The Duchess of Sussex has spoken about her teenage embarrassment at walking around naked with her mother at a Korean spa in Los Angeles.
Meghan relived the experience in the latest episode of her podcast, with her Spotify series resuming on Tuesday after a four-week break following the death of the Queen.
She said she and her mother, Doria Ragland, shared a love of getting to know other cultures and would visit the spa, where swimming costumes were not permitted, for a bowl of noodles, sitting with women up to the age of 90 who were waiting for a body scrub.
It was, she said, a “very humbling experience for a girl going through puberty”.
Meghan was exploring the “Dragon Lady” stereotype with journalist Lisa Ling and comedian Margaret Cho in episode four of her Archetypes series.
She said of the Korean spa: “Now, for those of you who haven’t been to one before, it’s a very humbling experience for a girl going through puberty because you enter a room with women from ages nine to maybe 90, all walking around naked and waiting to get a body scrub on one of these tables that are all lined up in a row.
“All I wanted was a bathing suit – which you’re not allowed, by the way – and once I was over that adolescent embarrassment, my Mom and I, we would go upstairs.
“We would sit in a room and we would have a steaming bowl of the most delicious noodles.
“And we’d look around at all of these other women – these beautiful Korean women who had embraced the generational tradition of the jjimjilbang and shared it with one another. That was part of the Asian-American culture that I knew.”
Korean spas, also known as jjimjilbang, focus on relaxing, spending quality time with friends and family.
Meghan said she was not aware of the stigmas faced by women of Asian descent until many years later.
She called out films such as Austin Powers and Kill Bill for presenting caricatures of women of Asian descent as over-sexualised or aggressive.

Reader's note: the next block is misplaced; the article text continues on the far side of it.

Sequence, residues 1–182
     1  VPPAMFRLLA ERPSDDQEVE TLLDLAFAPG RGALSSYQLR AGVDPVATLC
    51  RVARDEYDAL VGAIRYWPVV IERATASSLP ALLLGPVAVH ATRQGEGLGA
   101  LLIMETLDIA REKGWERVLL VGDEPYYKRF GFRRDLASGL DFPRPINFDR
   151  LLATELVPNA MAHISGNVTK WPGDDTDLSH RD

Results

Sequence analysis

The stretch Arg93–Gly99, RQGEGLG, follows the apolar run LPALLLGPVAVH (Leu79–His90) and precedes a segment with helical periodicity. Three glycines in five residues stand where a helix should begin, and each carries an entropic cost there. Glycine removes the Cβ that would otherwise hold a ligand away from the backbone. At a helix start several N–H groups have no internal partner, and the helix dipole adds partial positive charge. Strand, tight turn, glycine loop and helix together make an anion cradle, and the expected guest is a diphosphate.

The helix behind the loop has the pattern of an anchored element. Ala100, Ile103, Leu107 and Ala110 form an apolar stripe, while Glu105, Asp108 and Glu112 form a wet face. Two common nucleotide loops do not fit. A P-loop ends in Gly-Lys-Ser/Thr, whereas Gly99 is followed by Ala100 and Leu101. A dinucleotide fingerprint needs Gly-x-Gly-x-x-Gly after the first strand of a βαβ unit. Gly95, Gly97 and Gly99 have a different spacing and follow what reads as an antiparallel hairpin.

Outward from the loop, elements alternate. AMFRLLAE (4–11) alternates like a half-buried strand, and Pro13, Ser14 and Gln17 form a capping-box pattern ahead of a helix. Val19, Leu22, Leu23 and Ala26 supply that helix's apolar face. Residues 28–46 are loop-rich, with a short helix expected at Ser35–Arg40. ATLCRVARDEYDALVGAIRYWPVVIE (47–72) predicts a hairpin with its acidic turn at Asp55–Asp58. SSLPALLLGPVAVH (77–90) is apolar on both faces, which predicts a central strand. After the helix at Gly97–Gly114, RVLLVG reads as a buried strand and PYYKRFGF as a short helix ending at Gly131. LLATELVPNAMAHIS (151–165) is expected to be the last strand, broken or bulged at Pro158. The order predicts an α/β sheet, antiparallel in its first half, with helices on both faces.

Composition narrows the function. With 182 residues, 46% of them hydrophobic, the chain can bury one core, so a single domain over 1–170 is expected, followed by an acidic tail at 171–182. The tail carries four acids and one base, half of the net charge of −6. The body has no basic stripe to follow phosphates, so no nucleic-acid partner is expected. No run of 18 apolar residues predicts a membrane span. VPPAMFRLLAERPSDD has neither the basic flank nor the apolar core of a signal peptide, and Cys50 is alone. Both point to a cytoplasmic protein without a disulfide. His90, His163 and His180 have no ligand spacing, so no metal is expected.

The duchess said: “The Dragon Lady, the East Asian temptress whose mysterious foreign allure is scripted as both tantalising and deadly, this has seeped into a lot of our entertainment.
“But this toxic stereotyping of women of Asian descent, it doesn’t just end once the credits roll.”
Journalist Ling told Meghan that, when she was a broadcaster at Channel One, she was named hot reporter in the Rolling Stone’s Hot List, but faced racist abuse in the aftermath.
“Someone at my place of work cut out that article, drew slanted eyes over the eyes and wrote ‘yeah, right’ and then put it back in my mailbox,” she said.
Meghan, who accused an unnamed member of the royal family of racism in her interview with Oprah Winfrey, responded: “Oh my god.”
Ling added: “It was like every kernel of excitement that I possessed just withered away. It was so devastating that someone that I would see every day in my place of work, where we’re supposed to feel comfortable, just harboured those feelings about me and had the nerve to make it racial.”
Korean-American comic Cho spoke about enjoying life to the full, saying: “You have to really enjoy the time you have because it’s… it’s not very long, you know, it goes by very fast.”
Meghan replied: “Yeah… it’s so true.”
The pair also exchanged plaudits, with Meghan telling Cho she loved her new film, Fire Island.
Cho told the duchess: “We actually talked a lot about you on set. We were just admiring you, just so much.”
Meghan replied: “Oh, really? … I really appreciate that.”
She added: “Honestly, I’m thrilled. When I came downstairs, I was ‘I’m talking to Margaret Cho this morning’.”
She urged her podcast listeners to be their “best and true self”.
“Just be yourself no matter what any societal framework or archetype or loud voice coming from a small place tells you that you should be,” she said.
“Be yourself – your full complete, whole layered, sometimes weird, sometimes awesome, but always best and true self. Just be you. You’re so much greater than any archetype.”
New photographs of Meghan and the Duke of Sussex were revealed by the duchess’s celebrity photographer friend, Misan Harriman.
The images show the couple at the One Young World event in Manchester on September 6, just two days before the death of the Queen.
In a colour shot, Meghan is shown looking poised in a sleek red trouser suit as she stands face on, looking at the camera, while Harry, in a suit and tie, stands at an angle, smiling and gently holding his wife’s hand.
The second image, in black and white, was taken moments before they took to the stage, and shows the couple side-on, looking composed as they stand next to one another holding hands.
The images were posted on Harriman’s social media accounts just two days after Buckingham Palace released a family portrait of Harry’s father King Charles, brother the Prince of Wales, the Queen Consort and the Princess of Wales.
The picture of the four key figures at the heart of the monarchy was taken before a Palace reception for world leaders during the mourning period for the Queen.